Finding A Date, Healthy Relationship Rhythms

No one can outline a simple, one size fits all approach to dating. We all have different dating histories, hopes, personalities, baggage and unique stories. I always try to give principles over rules that we can then apply to our own contexts. I was recently confronted with a story that reminded me why this is so important. 

So there I was, lights in my eyes, sitting on stage, bracing myself for the questions, wondering why I had agreed to be on a Q&A panel.

It’s not that I don’t like them per se. I really do think it’s important people get to ask questions and learn by chatting together, rather than just being preached at. But you just never know what the others on the panel are going to say, and vice versa.

Often people have such different points of view, that trying to delve deep into a subject with a 30-second answer, then getting someone else saying something that sounds totally contradictory, can leave everyone more confused.

I’m always a bit wary and worried about what may happen.

Surprising Question  

Nevertheless, my fellow panelist and I were getting into the swing of it. I had answered a few questions so thought it’s best to sit the next one out. I don’t think people just want to hear from one person, and it’s important to respect other members of the panel and let everyone answer.

Why would you start a relationship by not spending time together?

The next question came in: ‘After you agree to start dating someone, should you not see each other for a week or so in the beginning?’

Now, this really confused me. Why would you start a relationship by not spending time together? I found the question quite odd and it seemed counterintuitive.

Surprising Answer

Yet my fellow panelist proceeded to say that this is what he did. He and his then girlfriend, now his wife, spent two weeks apart at the start of their relationship.

I thought, ‘What?!’

He made it clear that they became a couple and then didn’t really talk for two weeks. Instead, they went away, thought about it, prayed about it, clarified their intentions and expectations.

To me, this sounded odd and very different to what I would suggest. If you’re at the point where you want to start a relationship, then start that relationship. It seems strange to put it on hold.  However, having thought about it, I realised that really, it’s a principle I always talk about that’s just being applied a bit differently.

Not one model

I always say being active is important. We can’t just drift. (Read Stories From The Dating Scene: An Exciting Start, Then We Drifted.) We need to be intentional and think about the relationship decision we’re making.

I say that being intentional, thinking it through and praying, is all part of being active. And all of this should come before you go out, then you make the active decision to commit to each other and to the relationship. However, my fellow panelist and his girlfriend simply did it in a different order.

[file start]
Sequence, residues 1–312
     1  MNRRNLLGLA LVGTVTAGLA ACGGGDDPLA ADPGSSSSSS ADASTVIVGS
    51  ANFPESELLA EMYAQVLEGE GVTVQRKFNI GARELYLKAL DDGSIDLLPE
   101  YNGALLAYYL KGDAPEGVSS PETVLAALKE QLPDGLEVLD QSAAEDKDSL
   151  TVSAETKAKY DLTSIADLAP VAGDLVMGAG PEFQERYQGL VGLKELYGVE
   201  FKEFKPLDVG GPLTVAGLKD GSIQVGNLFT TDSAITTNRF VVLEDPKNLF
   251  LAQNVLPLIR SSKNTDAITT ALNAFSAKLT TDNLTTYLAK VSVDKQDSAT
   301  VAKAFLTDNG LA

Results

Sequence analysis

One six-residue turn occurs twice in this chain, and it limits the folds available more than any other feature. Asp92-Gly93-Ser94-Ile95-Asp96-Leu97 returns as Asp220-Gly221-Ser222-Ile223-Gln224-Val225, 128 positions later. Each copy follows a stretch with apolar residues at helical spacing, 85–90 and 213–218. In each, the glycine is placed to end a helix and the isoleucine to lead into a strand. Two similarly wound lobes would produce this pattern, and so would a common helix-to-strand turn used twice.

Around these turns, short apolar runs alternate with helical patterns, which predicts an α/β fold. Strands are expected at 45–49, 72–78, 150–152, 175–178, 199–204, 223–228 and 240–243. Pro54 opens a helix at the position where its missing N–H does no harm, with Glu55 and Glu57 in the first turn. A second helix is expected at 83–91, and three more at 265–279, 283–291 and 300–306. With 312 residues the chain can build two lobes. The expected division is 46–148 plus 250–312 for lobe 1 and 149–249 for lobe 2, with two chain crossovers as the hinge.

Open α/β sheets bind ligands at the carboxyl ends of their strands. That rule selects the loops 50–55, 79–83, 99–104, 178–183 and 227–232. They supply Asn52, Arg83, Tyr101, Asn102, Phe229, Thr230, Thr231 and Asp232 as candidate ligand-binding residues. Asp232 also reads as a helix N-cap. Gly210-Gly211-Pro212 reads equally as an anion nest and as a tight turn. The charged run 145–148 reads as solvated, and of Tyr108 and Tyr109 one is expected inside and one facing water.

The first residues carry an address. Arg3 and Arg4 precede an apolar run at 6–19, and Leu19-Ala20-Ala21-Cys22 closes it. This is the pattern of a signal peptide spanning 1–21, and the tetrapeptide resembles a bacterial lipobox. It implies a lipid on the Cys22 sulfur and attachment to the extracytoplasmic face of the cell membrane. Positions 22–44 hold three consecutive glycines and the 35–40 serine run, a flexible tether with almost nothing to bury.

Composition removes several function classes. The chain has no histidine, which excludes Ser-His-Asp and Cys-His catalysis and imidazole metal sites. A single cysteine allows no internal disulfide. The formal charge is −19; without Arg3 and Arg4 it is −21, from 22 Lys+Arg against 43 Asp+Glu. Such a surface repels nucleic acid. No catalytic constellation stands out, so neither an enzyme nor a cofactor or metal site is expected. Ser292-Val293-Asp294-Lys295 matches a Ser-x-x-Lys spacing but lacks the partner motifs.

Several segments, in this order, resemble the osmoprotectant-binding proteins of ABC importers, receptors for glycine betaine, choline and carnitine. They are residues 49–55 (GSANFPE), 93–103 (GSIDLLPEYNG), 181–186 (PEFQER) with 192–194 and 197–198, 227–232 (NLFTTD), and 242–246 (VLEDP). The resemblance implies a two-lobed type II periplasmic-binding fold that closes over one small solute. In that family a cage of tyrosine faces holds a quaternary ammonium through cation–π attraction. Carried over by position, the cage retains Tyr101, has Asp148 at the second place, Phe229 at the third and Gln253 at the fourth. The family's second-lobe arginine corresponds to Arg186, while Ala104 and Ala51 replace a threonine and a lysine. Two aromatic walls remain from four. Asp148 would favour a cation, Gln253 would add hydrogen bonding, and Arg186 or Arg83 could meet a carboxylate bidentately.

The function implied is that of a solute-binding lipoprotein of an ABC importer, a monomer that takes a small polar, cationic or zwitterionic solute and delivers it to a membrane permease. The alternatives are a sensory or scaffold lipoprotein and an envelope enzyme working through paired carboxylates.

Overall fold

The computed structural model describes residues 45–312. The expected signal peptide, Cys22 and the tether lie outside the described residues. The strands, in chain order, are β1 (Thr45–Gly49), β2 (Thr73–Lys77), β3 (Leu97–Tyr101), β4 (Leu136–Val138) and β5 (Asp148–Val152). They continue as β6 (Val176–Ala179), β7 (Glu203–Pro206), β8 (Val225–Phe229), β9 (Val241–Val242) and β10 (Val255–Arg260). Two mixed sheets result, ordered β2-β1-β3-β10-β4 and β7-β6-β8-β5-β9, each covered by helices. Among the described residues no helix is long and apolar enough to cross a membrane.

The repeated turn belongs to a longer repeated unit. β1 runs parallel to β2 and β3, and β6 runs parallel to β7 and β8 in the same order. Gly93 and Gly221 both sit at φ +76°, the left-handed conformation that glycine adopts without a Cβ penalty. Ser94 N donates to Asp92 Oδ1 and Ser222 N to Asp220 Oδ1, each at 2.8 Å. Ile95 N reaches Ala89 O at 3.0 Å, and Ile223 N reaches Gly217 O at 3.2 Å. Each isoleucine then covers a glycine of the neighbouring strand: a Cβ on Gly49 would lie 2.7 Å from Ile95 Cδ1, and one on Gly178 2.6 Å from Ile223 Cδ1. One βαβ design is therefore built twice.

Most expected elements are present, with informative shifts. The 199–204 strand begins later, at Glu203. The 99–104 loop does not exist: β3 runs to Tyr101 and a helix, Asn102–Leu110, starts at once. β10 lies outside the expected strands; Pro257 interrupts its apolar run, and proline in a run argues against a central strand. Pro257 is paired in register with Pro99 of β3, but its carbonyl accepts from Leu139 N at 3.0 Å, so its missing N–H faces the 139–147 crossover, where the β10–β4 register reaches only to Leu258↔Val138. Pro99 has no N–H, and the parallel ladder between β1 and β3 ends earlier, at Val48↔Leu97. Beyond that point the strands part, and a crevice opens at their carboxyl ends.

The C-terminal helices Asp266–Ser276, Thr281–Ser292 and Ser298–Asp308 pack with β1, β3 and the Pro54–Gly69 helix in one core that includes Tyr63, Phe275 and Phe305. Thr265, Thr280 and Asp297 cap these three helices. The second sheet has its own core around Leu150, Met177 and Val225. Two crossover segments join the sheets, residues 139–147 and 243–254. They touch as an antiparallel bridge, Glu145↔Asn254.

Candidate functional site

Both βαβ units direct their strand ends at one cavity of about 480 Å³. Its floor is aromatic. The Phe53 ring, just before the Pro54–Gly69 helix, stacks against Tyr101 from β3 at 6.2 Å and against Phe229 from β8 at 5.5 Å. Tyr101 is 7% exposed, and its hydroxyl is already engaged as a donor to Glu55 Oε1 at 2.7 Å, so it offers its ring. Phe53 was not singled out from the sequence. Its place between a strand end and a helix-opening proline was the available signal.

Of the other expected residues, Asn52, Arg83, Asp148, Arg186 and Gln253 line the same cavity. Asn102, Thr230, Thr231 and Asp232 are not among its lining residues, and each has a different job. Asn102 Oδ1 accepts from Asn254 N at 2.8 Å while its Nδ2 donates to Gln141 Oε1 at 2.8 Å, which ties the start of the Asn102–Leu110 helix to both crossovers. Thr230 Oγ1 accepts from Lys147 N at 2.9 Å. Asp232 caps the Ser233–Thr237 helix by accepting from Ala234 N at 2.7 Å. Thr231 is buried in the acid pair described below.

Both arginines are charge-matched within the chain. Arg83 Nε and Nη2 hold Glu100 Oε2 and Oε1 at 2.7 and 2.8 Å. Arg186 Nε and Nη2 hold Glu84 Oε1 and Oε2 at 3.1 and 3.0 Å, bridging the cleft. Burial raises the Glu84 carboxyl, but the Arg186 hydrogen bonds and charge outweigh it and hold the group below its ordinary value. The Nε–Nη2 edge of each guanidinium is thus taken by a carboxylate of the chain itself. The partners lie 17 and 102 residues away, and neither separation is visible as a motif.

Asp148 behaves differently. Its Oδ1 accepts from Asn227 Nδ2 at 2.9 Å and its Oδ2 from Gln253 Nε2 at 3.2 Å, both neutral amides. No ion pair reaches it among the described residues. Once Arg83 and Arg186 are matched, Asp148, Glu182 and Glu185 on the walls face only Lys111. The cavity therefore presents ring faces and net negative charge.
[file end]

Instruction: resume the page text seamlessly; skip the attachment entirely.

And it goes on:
They applied the principle in a way that worked for their situation

They said they liked each other and started going out, then decided to go and pray individually, think it through, get some perspective, etc. He didn’t go into why he did it this way round, but different doesn’t mean wrong, because there is no one-size-fits-all model.

What clearly came across is that in his mind, he didn’t want to hurt her. He wanted her to be as sure as she could about the relationship, and he wanted to seriously think about how he was going to approach it. How he was going to make it Christ-centered

They applied the principle in a way that worked for their situation.

Different Reasons

Because of how we’ve been hurt in the past, because of our personalities and imperfection, a principle applied in a certain way by one person, will look different for another person.

Application in our individual contexts will vary. Perfect seven step plans do not work.

It reminded me again, why having the conversation is so important. Having a rigid system, that everyone needs to follow, doesn’t work. Even though leaving people with absolutely no guidance is just as bad, so discussing the application is key.

Which is why I did actually really enjoy doing this Q and A in the end. (Read One Great Dating Tip From Ruth and Boaz. Really?)

Imagine If…

Imagine if we realised people want help, they want guidance, but we are all different too. Application in our individual contexts will vary. Perfect seven step plans do not work.

We need to get away from the ‘rigid system’, and help each other not only discover good principles instead of bad ones, but also, how we can apply them in a way to make our relationship thrive in our situation. (Read Who Else Wants Great Relationships? Why Dating Well Still Matters)

Do you think principles are better than a ‘seven-step plan’? Comments welcomed below. 

Originally posted 7/5/2018